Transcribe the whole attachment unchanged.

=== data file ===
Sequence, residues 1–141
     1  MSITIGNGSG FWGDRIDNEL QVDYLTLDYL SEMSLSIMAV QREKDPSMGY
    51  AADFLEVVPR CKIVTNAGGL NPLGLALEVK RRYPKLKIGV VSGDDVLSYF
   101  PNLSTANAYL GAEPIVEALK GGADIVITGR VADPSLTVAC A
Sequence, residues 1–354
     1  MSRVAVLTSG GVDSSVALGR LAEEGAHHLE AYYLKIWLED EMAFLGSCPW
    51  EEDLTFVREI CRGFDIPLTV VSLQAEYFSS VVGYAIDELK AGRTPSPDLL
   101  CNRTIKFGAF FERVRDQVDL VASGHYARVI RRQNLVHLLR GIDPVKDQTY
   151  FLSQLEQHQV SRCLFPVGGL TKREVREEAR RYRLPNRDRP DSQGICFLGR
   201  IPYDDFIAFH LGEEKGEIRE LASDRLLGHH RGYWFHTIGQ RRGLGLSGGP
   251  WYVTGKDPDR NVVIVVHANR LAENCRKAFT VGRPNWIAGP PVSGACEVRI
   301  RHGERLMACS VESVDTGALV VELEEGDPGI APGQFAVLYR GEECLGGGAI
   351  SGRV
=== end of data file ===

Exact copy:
Sequence, residues 1–141
     1  MSITIGNGSG FWGDRIDNEL QVDYLTLDYL SEMSLSIMAV QREKDPSMGY
    51  AADFLEVVPR CKIVTNAGGL NPLGLALEVK RRYPKLKIGV VSGDDVLSYF
   101  PNLSTANAYL GAEPIVEALK GGADIVITGR VADPSLTVAC A
Sequence, residues 1–354
     1  MSRVAVLTSG GVDSSVALGR LAEEGAHHLE AYYLKIWLED EMAFLGSCPW
    51  EEDLTFVREI CRGFDIPLTV VSLQAEYFSS VVGYAIDELK AGRTPSPDLL
   101  CNRTIKFGAF FERVRDQVDL VASGHYARVI RRQNLVHLLR GIDPVKDQTY
   151  FLSQLEQHQV SRCLFPVGGL TKREVREEAR RYRLPNRDRP DSQGICFLGR
   201  IPYDDFIAFH LGEEKGEIRE LASDRLLGHH RGYWFHTIGQ RRGLGLSGGP
   251  WYVTGKDPDR NVVIVVHANR LAENCRKAFT VGRPNWIAGP PVSGACEVRI
   301  RHGERLMACS VESVDTGALV VELEEGDPGI APGQFAVLYR GEECLGGGAI
   351  SGRV